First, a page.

I personally find it very exciting. I knew that Alphabet had rented the Moffett Field hangars from NASA and were rennovating them. But their official stated purpose for doing so was to store a number of company planes. This is the exciting part:
Engineers have constructed a metal skeleton of the craft, and it fills up much of the enormous hangar.
So first off:
1) It's a rigid airship. Which used to be common but is now rare. Zeppelin NT is a semirigid, with a trilobate truss inside, but there's not many other examples. Rigids are favored when you're building something very large, as they reduce the stress on the skin.
2) It's huge. Hangar 2 is 52,1 meters high, 90,5 and 327,7m long.
I hope it's a lifting body! If I'm not mistaken it'd be the world's first rigid lifting body airship (correct me if I'm wrong!). Either way it's yet another sign that we're - at least temporarily - entering a new lighter-than-air renaissance. Who knows whether it will last, but it's great to see so many companies giving it another shot, making use of modern technology and design. Because there have been some huge improvements since the old Akron / Macon days. Also wonder about the fuel. Something like Blau gas, so it's buoyancy-neutral as it burns?
Of course, not everything in the article is exciting or new...
He went on to describe a prototype he was considering of a helium-based craft that appeared to breathe. "And so the way that works is that the helium in the main envelope is taken and stored in bags inside the airship at a slightly higher pressure," he said. "As you do that, air is taken in from the outside into essentially like lungs that are attached in the side of the vehicle. So the analogy of breathing is a good one. And the overall lift of the vehicle is equal to the weight of the air that is being displaced by the helium. And as you change that, you can control the amount of buoyancy that the vehicle has."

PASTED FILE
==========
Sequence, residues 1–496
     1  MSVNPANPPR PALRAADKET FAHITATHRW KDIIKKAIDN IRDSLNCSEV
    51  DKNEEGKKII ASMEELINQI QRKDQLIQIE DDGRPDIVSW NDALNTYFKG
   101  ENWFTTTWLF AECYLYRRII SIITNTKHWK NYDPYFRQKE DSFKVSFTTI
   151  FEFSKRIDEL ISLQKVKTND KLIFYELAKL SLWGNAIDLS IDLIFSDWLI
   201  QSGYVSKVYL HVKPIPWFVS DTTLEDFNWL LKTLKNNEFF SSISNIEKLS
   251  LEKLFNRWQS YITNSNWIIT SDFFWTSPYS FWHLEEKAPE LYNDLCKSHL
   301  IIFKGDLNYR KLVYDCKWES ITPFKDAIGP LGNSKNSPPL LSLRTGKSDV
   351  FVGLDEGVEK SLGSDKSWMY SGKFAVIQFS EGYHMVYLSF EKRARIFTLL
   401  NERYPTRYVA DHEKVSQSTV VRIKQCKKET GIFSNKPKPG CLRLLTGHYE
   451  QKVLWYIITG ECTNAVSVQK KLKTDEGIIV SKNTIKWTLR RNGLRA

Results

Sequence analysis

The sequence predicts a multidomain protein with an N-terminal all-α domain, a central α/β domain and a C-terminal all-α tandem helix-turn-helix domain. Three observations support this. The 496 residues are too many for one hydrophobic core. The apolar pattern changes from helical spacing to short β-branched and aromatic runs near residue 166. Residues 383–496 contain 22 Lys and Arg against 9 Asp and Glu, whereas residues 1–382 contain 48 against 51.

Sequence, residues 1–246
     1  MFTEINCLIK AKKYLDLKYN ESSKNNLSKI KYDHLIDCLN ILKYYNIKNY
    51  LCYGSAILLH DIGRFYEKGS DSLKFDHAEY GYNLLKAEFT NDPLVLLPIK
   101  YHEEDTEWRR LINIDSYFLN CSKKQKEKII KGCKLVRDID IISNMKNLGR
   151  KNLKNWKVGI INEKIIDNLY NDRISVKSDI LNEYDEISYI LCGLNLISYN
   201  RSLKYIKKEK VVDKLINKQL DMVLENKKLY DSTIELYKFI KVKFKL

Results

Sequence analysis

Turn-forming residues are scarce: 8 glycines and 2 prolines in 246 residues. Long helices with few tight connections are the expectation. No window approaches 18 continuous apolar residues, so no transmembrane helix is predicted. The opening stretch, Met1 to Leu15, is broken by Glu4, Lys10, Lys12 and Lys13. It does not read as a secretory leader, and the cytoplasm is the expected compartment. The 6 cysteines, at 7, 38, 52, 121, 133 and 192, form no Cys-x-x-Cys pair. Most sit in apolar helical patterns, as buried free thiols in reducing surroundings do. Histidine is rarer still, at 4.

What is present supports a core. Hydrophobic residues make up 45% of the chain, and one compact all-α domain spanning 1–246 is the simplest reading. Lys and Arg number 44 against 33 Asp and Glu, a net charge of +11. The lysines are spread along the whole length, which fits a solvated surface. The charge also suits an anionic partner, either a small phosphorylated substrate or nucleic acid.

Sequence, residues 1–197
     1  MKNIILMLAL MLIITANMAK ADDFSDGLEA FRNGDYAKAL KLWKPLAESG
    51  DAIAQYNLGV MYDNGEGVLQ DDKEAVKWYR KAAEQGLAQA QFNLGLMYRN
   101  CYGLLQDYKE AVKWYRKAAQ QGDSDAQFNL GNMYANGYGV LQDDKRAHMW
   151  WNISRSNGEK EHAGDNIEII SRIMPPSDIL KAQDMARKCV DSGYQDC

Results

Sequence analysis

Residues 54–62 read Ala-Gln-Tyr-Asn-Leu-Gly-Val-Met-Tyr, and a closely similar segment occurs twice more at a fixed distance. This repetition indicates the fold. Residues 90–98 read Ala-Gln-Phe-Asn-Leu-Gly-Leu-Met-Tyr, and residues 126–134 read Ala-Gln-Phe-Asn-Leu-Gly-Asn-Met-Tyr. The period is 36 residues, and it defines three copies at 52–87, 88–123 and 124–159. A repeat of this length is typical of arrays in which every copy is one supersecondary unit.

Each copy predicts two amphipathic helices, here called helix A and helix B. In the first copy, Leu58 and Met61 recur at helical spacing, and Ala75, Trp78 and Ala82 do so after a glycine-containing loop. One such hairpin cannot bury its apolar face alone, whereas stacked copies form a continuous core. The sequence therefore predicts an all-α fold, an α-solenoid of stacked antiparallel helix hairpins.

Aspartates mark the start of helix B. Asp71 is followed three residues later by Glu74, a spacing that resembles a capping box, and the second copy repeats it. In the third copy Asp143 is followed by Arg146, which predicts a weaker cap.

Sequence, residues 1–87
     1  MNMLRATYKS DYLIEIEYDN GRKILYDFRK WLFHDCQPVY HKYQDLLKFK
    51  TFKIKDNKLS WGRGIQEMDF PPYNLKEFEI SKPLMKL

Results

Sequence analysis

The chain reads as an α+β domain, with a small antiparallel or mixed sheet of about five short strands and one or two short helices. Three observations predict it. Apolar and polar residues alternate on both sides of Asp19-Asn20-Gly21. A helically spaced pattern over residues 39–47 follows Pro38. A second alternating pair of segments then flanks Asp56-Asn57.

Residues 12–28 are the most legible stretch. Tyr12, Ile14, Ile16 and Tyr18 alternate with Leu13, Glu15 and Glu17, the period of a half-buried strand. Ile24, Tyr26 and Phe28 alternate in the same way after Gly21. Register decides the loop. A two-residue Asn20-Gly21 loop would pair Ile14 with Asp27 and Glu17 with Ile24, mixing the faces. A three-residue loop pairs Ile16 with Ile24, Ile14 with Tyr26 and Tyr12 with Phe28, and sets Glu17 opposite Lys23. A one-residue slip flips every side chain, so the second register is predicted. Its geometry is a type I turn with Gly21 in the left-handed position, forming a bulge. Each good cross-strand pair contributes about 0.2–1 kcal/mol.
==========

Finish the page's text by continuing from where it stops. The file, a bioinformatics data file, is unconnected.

Um... yes, that's how lift cells work.... you either use them or you use ballonets, your choice... there's a couple other possibilities, like high overpressure superpressure balloons, or compressors + gas tanks, but the former doesn't scale, and the latter generally comes with too much mass and cost penalties with too poor responsiveness.
BTW, for those not familiar with the Macon and the Akron, I definitely recommend reading about them. They were literal flying aircraft carriers. You know how a landing jet on an aircraft carrier catches a cable with a hook? They did that too, but in the other direction - they caught a "trapeze" on their topside. They were then raised into the hangar, which was designed for five airplanes.
They unfortunately weren't long in service. Both of their losses could have been prevented with any combination of better weather prediction, computer controls, and better lift control. The Macon's loss was also stupid in that they were flying with unrepaired structural damage, out doing fleet maneuvers.